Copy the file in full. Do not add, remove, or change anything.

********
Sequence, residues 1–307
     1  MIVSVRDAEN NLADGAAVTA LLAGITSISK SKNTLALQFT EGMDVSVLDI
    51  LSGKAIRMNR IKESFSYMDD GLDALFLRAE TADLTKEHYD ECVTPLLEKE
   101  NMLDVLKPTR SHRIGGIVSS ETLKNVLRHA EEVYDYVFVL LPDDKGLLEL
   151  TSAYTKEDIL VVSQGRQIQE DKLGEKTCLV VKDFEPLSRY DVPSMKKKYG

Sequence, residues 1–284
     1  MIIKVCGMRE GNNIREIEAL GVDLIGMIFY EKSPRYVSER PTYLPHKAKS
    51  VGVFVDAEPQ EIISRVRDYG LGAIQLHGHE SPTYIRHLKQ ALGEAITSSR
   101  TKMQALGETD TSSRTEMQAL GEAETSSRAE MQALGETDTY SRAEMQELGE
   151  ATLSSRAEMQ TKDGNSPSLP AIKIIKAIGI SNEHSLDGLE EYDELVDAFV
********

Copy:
Sequence, residues 1–307
     1  MIVSVRDAEN NLADGAAVTA LLAGITSISK SKNTLALQFT EGMDVSVLDI
    51  LSGKAIRMNR IKESFSYMDD GLDALFLRAE TADLTKEHYD ECVTPLLEKE
   101  NMLDVLKPTR SHRIGGIVSS ETLKNVLRHA EEVYDYVFVL LPDDKGLLEL
   151  TSAYTKEDIL VVSQGRQIQE DKLGEKTCLV VKDFEPLSRY DVPSMKKKYG

Sequence, residues 1–284
     1  MIIKVCGMRE GNNIREIEAL GVDLIGMIFY EKSPRYVSER PTYLPHKAKS
    51  VGVFVDAEPQ EIISRVRDYG LGAIQLHGHE SPTYIRHLKQ ALGEAITSSR
   101  TKMQALGETD TSSRTEMQAL GEAETSSRAE MQALGETDTY SRAEMQELGE
   151  ATLSSRAEMQ TKDGNSPSLP AIKIIKAIGI SNEHSLDGLE EYDELVDAFV